I think Sam does a wonderful job teasing apart the cost-benefit analysis facing companies. I also agree that overly conclusions should never be drawn from statistical analysis. However, I wonder whether practically “[t]he average benefit of voluntary disclosure is still very much an open question.” If a company calculates the expected outcome of self-disclosure, the examples where companies have self-disclosed only to get big fines would weigh against disclosing.
Uncertainty created by the lack of transparency weighs down any incentive effect DOJ may have intended by publicly claiming self-disclosure would lead to reduced penalties. To this end, it might be helpful for DOJ to publish the counterfactuals— i.e. what the companies would have paid if they hadn’t self-disclosed— to silence the critics once and for all.
This is an important post! A reaction that picks up on Sam’s point: has there been a study that examines differences between companies that self-disclose and others? Such a study might find that self-disclosing companies often count the federal government as a large client, or rely on government approval to begin a project at the time of disclosure
Not to my knowledge – that’s an interesting suggestion, and it would be great if someone looked in more detail at whether self-disclosing companies differ in some systematic ways from companies that do not self-disclose but nonetheless end up getting hit with FCPA penalties.
That still wouldn’t solve the main data problems, though:
* We don’t observe those firms that don’t self-disclose and never end up the subject of an investigation.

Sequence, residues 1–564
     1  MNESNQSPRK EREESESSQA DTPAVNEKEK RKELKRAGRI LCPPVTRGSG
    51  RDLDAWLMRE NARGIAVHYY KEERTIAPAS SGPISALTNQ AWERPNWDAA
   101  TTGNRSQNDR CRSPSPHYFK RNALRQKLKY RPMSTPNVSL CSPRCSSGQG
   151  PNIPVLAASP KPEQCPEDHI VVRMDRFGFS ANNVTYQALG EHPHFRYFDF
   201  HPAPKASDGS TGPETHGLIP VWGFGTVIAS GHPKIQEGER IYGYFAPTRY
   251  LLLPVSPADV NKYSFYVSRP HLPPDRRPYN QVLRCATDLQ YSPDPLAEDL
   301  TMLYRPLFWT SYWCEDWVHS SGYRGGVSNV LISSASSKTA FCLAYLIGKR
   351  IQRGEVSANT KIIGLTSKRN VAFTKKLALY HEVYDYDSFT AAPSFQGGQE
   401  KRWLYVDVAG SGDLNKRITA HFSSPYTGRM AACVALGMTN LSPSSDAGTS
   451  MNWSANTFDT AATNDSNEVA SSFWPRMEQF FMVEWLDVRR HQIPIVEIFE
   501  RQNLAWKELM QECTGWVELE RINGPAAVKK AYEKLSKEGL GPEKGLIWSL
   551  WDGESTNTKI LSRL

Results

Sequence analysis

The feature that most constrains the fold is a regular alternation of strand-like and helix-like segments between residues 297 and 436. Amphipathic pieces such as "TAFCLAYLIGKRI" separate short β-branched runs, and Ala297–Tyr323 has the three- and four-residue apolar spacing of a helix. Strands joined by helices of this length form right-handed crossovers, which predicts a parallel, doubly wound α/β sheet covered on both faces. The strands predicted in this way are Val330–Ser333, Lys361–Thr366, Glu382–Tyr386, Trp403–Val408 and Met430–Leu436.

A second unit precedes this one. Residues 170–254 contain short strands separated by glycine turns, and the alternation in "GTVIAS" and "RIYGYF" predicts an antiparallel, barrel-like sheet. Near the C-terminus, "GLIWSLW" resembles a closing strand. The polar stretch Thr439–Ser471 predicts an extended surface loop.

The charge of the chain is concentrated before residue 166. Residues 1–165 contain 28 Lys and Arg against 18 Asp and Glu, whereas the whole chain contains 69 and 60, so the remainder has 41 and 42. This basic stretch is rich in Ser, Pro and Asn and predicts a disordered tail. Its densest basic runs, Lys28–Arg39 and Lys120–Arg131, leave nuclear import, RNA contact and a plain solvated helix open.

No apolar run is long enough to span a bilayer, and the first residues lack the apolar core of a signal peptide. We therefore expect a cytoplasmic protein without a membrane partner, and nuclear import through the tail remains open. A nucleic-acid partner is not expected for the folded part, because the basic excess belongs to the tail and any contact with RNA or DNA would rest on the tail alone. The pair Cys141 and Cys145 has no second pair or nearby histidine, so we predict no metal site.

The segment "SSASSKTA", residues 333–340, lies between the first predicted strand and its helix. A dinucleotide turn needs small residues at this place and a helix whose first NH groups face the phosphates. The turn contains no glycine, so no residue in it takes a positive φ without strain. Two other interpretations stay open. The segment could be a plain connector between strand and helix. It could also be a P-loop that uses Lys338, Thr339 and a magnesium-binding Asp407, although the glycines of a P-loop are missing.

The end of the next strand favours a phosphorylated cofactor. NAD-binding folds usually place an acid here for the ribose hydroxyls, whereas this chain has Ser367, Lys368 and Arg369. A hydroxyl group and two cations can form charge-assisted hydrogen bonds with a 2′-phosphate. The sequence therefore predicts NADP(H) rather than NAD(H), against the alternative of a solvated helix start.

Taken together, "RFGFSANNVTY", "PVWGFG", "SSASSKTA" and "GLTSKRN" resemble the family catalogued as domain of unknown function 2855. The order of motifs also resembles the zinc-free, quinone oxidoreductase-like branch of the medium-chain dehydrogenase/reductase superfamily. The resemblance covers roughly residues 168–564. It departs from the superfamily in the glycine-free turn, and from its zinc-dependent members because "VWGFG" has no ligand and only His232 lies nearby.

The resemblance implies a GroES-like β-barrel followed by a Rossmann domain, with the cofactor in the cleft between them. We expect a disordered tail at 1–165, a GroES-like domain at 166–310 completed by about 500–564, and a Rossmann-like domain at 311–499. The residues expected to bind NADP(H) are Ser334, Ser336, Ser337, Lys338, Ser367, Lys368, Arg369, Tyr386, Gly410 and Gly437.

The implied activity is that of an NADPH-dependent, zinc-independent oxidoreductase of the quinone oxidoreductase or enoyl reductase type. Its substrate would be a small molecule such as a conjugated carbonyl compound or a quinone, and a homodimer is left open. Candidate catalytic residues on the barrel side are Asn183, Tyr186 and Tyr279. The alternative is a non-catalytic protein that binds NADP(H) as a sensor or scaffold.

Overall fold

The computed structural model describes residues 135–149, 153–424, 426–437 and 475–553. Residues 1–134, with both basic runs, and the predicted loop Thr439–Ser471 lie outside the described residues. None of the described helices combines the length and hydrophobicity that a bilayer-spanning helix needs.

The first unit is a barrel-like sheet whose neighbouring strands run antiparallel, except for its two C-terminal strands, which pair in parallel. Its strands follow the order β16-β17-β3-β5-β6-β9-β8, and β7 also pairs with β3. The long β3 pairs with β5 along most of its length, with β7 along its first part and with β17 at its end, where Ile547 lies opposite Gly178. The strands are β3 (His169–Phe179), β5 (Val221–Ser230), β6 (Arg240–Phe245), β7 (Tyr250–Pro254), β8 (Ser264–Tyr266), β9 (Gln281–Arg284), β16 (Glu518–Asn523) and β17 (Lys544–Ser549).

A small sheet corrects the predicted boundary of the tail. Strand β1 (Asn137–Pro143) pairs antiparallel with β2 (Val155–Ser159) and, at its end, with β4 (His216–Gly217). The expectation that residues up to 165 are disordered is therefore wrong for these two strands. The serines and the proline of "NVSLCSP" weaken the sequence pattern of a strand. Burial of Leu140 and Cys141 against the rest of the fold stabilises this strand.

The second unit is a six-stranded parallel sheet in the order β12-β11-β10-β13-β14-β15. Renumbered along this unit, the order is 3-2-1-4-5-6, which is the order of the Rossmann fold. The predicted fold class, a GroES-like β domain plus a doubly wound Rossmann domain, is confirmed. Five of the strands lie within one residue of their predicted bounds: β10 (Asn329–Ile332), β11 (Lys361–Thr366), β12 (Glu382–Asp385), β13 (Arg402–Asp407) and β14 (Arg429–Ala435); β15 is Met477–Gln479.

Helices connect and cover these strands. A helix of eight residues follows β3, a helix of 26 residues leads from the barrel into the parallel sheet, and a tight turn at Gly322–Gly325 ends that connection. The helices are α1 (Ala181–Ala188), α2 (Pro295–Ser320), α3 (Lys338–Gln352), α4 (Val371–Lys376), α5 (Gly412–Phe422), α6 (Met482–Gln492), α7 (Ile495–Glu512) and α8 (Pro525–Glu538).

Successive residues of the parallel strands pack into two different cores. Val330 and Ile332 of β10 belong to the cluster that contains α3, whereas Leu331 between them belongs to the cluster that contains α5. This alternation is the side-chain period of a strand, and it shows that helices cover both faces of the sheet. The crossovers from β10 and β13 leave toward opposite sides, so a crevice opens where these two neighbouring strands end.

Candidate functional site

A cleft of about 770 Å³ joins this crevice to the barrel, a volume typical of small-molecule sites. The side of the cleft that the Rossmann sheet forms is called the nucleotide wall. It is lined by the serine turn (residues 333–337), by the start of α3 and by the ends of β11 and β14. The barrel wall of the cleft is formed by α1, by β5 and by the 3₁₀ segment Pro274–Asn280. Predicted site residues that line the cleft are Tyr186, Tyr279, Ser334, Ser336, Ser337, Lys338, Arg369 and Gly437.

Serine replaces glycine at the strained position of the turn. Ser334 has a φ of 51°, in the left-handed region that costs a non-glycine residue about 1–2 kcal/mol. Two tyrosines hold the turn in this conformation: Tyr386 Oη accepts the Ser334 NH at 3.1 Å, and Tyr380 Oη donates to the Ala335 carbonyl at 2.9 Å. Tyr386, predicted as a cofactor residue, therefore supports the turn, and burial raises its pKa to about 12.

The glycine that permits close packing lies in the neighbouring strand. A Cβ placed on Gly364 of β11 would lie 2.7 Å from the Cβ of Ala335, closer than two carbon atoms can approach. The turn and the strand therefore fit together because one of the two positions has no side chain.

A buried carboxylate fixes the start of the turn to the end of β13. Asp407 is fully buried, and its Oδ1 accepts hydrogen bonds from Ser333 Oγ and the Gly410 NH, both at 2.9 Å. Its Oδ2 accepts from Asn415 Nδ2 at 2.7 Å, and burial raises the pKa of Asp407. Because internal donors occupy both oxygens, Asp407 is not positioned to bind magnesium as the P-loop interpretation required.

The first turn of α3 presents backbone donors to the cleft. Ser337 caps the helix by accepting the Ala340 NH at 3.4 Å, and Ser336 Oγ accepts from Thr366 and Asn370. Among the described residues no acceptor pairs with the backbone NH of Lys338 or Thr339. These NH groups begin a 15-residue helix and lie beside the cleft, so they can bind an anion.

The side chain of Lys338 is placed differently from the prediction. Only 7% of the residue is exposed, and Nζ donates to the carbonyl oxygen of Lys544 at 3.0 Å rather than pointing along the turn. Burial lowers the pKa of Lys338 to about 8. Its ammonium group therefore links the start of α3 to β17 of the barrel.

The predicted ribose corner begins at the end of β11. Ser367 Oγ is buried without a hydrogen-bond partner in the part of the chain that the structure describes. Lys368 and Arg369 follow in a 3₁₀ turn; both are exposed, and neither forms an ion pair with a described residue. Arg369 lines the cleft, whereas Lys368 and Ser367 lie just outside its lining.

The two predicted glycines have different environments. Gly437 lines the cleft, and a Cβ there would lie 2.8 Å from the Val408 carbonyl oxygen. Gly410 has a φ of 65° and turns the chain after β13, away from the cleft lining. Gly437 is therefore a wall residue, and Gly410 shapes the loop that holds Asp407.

* We don’t observe those firms that do self-disclose but the government decides to take no action (with the exception of one case – Morgan Stanley in China – declinations are not public.
* We don’t observe many of the ways that the individual cases involving self-disclosing and non-self-disclosing firms may differ, such as the strength of the evidence, the pervasiveness of the corruption, the degree of cooperation with the government, etc.
All these factors make it very, very hard to draw any firm conclusions from comparing penalty magnitudes in the cases that do result in a public settlement, even if we try to control for a range of factors, such as the ones you mention. That’s not to say that your suggestion isn’t interesting and worth pursuing — it’s just to say that I don’t think it would get us much further in answering the original question.
This is perhaps a more general comment about using statistical methods to analyse FCPA enforcements. While I am proponent of using data, this post highlights an over-arching danger of generalising conclusions from a limited sample. Most of us are not well versed in the nuances of statistical methods and hard numbers gives the perception of impartiality. I agree with Matthew that a lot of the problems with empirical studies in this area cannot be easily solved without more access to DOJ’s FCPA data. To this end I think it is in DOJ’s interest to make more disclosures, at least for things they want to incentivise companies to do.
I think it’s really interesting how the quantitative data is inconclusive. The issues raised in your post makes me wonder a few things:
1. If the costs of self-disclosure differ between violations enforced by the DOJ and violations enforced by the SEC
2. I understand that many companies end up settling with the DOJ to avoid a FCPA prosecution. I would assume that if a company self discloses, it would end up settling anyways. From a pragmatic perspective, the company ends up saving money by settling in terms of legal resources. Is there any information indicating if companies pay higher fines if they are prosecuted and found guilty than companies that end up settling? If there is a difference, then that could suggest that self disclosures could be beneficial.